It’s almost that time of the year. The 2015 NFL season is approaching rapidly, so the sleeper conversation is at an all-time high currently. For season-long fantasy players, the drafts are underway, but what about for those daily fantasy players?

It’s time to look at the sleepers at multiple positions for the early part of the 2015 season. With that said, there’s no tougher position to make those tough calls on than defensive/special teams units. Should you spend the extra couple of hundred dollars on a team like the Seattle Seahawks ($3,400), or look for a sleeper?

Whichever way you choose to go, we’re going to cover a few of the top picks for the defensive sleeper teams that you can draft early in 2015.

While the Seahawks are the most expensive defensive unit in Week 1 on DraftKings, we’ll start off by looking at defenses who cost $2,800 or less in the opening week of action.

So, let’s not waste anymore time. Who’s ready to battle for the $2 million grand prize in the DraftKings $10 million Millionaire Maker?

Begin Slideshow

Fantasy Football 2015: 7th-Round Values to Target and Reaches to Avoid

Fantasy Football
August 24, 2015

Preseason injuries are hazing up outlooks as fantasy football owners sift through seventh-round values to target and reaches to avoid. Julius Thomas’ projections downgrade as he misses time working with a less potent offense, while C.J. Spiller’s prospects remain optimistic as he joins a traditional juggernaut.

Championship rosters are fortified in the late-middle rounds while the other guy is worrying about filling out his starting lineup. Avoid reaching on team defenses until at least the 12th or 13th, and save kickers for the last round of your draft (see the Honorable Mention slide).

Last season’s seventh round delivered pleasant surprises like Russell Wilson (ADP No. 76) and Sammy Watkins (No. 80), according to My Fantasy League. But disappointments loomed as well from the likes of Maurice Jones-Drew (No. 78) and Robert Griffin III (No. 82).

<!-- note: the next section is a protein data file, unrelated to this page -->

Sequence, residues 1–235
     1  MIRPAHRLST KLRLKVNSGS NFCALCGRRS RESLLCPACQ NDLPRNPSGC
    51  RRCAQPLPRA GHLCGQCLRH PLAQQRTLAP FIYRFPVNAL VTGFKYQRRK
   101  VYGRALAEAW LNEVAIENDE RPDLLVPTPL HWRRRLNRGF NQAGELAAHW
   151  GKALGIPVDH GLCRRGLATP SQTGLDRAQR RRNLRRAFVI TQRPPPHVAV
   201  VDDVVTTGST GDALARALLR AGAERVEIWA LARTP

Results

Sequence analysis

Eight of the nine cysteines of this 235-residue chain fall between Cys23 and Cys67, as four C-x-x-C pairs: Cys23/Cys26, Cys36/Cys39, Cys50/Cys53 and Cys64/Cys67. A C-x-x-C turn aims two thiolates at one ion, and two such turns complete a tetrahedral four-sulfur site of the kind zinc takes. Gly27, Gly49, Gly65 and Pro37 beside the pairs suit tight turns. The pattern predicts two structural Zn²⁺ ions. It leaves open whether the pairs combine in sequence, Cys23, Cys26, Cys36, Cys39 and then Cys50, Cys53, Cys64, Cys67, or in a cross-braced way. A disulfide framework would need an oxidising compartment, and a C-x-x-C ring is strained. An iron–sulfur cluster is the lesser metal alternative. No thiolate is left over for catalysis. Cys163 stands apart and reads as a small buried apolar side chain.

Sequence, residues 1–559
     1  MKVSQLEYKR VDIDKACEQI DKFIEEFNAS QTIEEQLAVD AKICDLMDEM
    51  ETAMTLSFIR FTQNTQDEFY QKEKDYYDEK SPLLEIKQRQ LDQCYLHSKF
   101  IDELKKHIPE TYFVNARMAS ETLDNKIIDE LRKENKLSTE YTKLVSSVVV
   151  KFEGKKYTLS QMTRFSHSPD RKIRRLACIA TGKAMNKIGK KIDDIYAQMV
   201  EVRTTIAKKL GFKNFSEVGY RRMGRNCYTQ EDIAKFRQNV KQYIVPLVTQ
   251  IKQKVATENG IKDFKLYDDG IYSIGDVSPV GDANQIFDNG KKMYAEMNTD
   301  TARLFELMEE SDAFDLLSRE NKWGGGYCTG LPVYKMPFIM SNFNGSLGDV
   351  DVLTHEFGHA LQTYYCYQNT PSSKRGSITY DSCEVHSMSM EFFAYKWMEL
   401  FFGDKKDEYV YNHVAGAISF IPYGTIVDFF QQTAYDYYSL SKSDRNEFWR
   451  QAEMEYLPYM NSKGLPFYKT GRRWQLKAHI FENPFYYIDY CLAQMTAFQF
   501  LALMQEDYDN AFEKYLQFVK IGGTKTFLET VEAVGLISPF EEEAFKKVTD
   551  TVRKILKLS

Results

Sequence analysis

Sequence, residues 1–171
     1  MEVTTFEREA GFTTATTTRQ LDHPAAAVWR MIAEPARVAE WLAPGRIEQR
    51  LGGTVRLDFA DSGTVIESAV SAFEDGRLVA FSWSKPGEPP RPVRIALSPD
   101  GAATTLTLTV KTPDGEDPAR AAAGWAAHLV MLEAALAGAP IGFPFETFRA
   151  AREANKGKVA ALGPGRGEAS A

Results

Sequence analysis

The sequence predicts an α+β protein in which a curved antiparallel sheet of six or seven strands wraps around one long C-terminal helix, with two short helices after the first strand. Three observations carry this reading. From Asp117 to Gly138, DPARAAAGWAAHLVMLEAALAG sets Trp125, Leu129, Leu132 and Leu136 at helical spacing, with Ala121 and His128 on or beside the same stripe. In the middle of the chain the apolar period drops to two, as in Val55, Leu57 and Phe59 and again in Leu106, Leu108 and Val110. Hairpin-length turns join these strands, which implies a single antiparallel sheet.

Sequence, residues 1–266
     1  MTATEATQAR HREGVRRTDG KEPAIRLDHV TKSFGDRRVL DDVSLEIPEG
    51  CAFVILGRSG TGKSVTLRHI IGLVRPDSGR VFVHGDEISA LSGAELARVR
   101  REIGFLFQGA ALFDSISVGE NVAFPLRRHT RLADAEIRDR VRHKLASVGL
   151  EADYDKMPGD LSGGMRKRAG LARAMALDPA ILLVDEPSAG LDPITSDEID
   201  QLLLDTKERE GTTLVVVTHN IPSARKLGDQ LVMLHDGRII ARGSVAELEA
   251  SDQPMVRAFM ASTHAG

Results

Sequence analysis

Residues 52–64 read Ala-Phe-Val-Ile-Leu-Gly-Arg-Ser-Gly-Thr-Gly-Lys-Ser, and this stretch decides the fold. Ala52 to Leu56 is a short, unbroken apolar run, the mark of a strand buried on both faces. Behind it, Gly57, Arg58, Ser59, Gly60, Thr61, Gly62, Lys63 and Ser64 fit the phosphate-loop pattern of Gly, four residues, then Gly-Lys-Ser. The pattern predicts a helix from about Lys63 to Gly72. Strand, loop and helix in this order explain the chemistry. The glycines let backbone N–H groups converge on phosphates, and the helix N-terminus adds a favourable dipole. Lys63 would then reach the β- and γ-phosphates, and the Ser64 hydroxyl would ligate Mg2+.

Use the following list as a guide to make sure you’re not taking someone too early or waiting too long as your fantasy draft grinds through the middle rounds.


  • Players listed are currently being drafted in the seventh round on average—the 73rd through 84th positions overall.
  • Only the standard-scoring, season-long, redraft format was considered when compiling this list.
  • Reach simply indicates the player’s average draft position (ADP) is well ahead of his expert consensus ranking (ECR), according to FantasyPros.
  • Value means the opposite: said player is dropping well below his ranking in ADP and should be targeted in between those two positions.

Begin Slideshow

Fantasy Football 2015: Highlighting Top Team Names and WR Rankings

Fantasy Football
August 24, 2015

It’s exhibition time in the world of real football, but it may be the most important time of year for fantasy football owners.

Team names and mock drafts reign supreme as summer cools to let fall enter. A misstep at either spot could lead to months of losses and embarrassment no waiver-wire add, trade or handcuff could fix.

So get ahead of the game as soon as possible. In this day and age, an overwhelming amount of information presents itself on a daily basis, so there’s no excuse to hit the blank team-name space or mock draft unprepared.

Below, let’s take a look at some solid team names and dial in on one of the most difficult draft positions of all: wide receiver.

Top Team Names

Magic Mike Evans

Some of the best team names around incorporate a solid amount of pop culture, and no, nobody could knock this name if the wins pile up.